Buy-to-let market changing as regulation and finance impacts on viability

Buy-to-let market changing as regulation and finance impacts on viability

The buy-to-let (BTL) market is changing rapidly reacting to recent major legislative, regulatory and financial shifts according to a leading property management firm. Apropos by DJ Alexander believe that the old BTL model no longer works and landlords and investors need to reorganise their positions quickly if they are to avoid difficulties with their portfolios in the future.

The market, which was once extremely secure financially has become less settled. The number of BTL mortgages in arrears of 2.5% or more of the outstanding balance rose by 5% in the second quarter of 2019 with those facing more significant arrears increasing 12% year on year. The number of BTL mortgaged properties taken into possession rose 2% year on year. Whilst the overall numbers facing financial problems remain relatively low compared to the whole market these figures are an indication that some landlords and investors may not be adjusting fast enough to keep up with the legislative and financial changes which have occurred in recent years.

The forthcoming UK Finance annual Buy-to-Let Conference on the 13th September will be examining some of the ways in which landlords and investors can adjust to regulatory changes, stronger underwriting standards, and the move to more tenant-focused legislation.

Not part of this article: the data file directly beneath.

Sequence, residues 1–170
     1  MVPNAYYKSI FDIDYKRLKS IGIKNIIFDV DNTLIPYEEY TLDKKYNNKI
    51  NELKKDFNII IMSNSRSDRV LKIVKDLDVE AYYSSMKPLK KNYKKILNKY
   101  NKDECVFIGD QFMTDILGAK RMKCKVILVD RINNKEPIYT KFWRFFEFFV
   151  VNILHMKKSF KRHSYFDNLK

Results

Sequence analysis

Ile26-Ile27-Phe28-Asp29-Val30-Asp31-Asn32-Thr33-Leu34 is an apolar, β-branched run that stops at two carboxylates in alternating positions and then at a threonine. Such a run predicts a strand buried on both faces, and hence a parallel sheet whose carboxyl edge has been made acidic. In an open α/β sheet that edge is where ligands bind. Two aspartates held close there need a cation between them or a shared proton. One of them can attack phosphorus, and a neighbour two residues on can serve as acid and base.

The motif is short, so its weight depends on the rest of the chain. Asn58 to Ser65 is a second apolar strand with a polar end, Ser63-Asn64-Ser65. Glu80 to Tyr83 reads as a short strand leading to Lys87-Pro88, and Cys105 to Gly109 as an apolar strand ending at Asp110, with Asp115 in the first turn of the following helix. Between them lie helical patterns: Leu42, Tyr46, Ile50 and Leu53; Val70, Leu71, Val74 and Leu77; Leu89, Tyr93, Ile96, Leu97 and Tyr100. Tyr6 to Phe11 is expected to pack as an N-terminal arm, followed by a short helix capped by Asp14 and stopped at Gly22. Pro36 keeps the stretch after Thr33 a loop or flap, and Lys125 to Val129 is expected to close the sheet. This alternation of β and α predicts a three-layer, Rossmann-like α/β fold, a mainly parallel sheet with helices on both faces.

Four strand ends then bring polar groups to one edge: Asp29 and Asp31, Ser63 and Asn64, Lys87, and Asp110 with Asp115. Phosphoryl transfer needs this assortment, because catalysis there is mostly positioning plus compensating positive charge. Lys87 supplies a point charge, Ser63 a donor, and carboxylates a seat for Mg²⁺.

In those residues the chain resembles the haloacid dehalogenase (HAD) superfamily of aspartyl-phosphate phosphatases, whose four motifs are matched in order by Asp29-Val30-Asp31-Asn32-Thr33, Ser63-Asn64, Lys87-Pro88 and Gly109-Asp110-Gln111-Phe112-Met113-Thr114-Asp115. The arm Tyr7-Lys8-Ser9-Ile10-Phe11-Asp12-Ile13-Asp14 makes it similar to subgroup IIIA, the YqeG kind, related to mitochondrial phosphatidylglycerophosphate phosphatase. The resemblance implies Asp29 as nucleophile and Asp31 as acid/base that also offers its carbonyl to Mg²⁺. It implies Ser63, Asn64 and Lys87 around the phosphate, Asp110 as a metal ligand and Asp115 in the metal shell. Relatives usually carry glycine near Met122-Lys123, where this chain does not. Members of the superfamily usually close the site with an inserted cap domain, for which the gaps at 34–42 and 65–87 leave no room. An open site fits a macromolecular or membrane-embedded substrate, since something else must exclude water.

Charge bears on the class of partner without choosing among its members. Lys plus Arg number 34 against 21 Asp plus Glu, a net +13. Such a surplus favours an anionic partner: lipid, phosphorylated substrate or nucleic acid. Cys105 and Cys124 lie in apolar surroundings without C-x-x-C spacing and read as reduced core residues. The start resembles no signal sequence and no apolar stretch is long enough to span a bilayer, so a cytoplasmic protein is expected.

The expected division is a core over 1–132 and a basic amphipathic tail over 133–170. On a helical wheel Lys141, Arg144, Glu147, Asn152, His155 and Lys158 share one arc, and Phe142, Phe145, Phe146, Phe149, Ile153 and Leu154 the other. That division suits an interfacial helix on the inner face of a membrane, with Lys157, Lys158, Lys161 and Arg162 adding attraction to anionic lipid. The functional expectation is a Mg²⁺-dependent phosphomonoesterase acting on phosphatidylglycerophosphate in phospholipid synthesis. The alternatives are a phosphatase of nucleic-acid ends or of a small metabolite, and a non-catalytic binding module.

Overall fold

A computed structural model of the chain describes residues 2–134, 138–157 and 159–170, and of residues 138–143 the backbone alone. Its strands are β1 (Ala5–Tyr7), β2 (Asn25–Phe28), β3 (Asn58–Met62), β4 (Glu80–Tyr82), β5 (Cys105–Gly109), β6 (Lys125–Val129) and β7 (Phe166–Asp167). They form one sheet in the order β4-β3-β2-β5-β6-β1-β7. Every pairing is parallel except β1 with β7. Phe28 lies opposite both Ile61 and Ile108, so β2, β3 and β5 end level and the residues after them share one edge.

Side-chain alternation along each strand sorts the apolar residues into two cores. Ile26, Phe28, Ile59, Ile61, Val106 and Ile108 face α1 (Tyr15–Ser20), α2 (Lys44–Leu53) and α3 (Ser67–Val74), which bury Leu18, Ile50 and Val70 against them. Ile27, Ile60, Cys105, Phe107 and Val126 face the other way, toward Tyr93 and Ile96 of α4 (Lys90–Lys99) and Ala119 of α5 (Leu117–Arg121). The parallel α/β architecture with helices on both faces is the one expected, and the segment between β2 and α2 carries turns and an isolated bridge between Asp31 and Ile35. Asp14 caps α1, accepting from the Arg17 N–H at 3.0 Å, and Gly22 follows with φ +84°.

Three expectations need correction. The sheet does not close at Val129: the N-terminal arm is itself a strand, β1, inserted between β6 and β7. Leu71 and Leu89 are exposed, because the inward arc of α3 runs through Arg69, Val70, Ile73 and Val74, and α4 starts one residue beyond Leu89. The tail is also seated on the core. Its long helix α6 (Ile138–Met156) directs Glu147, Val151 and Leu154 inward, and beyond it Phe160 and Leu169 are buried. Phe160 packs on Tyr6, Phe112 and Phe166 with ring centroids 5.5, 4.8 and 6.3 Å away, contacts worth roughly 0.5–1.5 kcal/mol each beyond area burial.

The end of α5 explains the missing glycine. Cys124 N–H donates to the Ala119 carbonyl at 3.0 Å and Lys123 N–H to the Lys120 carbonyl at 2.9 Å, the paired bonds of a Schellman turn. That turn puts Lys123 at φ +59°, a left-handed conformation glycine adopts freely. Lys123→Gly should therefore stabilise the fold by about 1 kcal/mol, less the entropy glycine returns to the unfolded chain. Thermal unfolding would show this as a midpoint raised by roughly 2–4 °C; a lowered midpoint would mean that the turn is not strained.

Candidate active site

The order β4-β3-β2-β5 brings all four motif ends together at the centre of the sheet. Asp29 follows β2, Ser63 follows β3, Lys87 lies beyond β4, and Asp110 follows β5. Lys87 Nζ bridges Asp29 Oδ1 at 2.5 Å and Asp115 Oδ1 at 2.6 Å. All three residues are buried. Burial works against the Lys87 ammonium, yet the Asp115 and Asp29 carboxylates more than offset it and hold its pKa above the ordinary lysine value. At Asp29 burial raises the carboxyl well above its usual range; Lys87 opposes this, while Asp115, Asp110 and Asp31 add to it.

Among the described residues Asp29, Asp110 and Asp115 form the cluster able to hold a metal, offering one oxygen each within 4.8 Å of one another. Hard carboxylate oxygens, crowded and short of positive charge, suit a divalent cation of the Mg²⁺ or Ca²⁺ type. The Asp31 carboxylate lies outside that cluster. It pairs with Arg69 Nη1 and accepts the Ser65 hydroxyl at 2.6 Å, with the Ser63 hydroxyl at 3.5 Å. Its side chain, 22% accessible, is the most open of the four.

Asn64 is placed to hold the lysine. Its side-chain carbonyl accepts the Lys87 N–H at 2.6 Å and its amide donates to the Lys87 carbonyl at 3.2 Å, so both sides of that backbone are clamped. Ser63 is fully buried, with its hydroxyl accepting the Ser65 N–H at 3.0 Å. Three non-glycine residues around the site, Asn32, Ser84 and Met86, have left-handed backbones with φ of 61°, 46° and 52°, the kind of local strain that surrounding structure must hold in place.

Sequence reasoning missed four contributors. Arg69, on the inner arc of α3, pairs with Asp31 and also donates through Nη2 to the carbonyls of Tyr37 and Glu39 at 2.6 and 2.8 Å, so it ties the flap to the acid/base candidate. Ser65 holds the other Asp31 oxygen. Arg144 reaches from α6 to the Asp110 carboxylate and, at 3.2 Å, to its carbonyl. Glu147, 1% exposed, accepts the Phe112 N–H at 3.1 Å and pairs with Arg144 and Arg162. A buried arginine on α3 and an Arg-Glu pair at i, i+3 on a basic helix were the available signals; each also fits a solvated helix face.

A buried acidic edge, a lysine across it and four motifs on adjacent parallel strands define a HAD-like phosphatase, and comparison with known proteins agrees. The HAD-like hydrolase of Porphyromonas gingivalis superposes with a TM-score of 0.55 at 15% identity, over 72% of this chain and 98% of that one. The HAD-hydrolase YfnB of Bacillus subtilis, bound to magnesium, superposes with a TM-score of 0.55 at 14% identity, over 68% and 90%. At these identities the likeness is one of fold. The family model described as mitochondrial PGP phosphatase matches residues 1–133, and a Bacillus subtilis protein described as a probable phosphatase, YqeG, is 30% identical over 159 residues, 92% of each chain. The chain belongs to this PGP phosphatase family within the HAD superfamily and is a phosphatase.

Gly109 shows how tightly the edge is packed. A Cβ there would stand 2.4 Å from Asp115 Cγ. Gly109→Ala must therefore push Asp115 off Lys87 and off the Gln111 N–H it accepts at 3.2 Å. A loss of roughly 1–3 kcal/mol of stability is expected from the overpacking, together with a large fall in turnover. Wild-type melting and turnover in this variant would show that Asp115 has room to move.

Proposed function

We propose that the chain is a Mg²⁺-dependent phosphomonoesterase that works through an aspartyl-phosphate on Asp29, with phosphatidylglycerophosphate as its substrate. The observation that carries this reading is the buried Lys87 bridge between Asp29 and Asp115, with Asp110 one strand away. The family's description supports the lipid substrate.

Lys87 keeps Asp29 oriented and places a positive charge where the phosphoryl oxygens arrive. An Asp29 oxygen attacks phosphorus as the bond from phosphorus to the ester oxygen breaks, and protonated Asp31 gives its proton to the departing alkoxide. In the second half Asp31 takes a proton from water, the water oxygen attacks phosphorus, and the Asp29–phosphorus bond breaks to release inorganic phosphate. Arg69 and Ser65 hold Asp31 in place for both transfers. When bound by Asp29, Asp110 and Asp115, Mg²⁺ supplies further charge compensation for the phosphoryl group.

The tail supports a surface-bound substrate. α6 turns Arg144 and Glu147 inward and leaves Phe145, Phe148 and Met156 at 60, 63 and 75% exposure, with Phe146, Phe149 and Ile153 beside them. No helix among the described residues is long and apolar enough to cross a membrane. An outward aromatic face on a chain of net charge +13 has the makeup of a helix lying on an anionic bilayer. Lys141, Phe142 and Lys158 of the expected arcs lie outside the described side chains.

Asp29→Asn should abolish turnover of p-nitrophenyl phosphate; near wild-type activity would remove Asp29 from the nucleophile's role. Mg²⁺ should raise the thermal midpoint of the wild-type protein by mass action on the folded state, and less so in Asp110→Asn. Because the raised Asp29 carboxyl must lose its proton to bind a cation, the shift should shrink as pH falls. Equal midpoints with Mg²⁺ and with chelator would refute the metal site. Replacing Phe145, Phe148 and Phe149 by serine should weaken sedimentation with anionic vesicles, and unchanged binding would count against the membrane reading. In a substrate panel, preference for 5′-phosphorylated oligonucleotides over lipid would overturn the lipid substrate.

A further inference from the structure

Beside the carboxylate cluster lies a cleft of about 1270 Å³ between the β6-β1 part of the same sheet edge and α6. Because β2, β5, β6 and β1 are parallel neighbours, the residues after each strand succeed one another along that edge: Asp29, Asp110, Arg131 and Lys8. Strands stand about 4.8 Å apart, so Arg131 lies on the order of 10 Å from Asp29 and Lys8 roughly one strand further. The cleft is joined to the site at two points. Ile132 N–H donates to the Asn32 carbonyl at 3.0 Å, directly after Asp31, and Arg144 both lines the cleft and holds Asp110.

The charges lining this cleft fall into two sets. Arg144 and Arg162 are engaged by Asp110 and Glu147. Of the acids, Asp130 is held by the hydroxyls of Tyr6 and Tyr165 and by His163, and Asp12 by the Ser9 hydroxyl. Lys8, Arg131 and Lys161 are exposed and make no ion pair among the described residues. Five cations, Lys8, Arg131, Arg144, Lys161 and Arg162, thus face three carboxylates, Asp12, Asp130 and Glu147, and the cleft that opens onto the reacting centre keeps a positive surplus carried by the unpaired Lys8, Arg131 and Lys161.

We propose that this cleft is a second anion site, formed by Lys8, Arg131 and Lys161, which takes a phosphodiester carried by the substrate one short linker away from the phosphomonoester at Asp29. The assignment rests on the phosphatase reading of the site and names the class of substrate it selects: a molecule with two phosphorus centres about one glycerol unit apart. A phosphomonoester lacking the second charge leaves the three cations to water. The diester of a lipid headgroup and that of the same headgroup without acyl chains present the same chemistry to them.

David Alexander, joint managing director of Apropos by DJ Alexander Ltd, explained: “Recent legislative and financial changes in the BTL market have introduced a more stringent and restrictive regime which can, if there is not an appropriate response, make it more difficult for landlords and investors to make money. The number of BTL mortgages is down 42% between 2015 to 2018 and remortgages are up dramatically rising by 30 per cent of advisers’ buy-to-let business in Q2 2015 to 52 per cent in Q2 this year.”

“With fewer property purchases landlords are concentrating on their existing portfolio and trying to adjust their finances to improve the yield. The result is that the savvier landlords are cutting costs and changing the way they operate.”

David continued: “Many landlords see incorporation as the way forward allowing finance costs to be set against rent before the deduction of tax. UK finance suggests that “over half of landlords (53 per cent) intend to purchase their next rental property within a limited company structure. For landlords with more than 11 properties, this is even higher at 69 per cent.”

“Other options for ambitious landlords include moving investments to different parts of the country. Yields in certain areas (Nottingham, Manchester and Liverpool for good yields, and the North West for good capital growth for example) are much higher so investing in high yield, lower cost areas improves income.”

David Alexander, joint managing director of Apropos by DJ Alexander Ltd, concluded: “BTL is here to stay but the way in which the market operates has changed and will continue to change at a rapid rate in the years to come. The best landlords and investors recognise this and always adapt to changing circumstances. It is an inevitable part of any business that there will be change and you must make your business model to match the market. Property is no different and the current regulatory and financial changes will ultimately make the market stronger. There may be some casualties along the way but BTL remains a profitable and viable investment for those who adapt to survive.”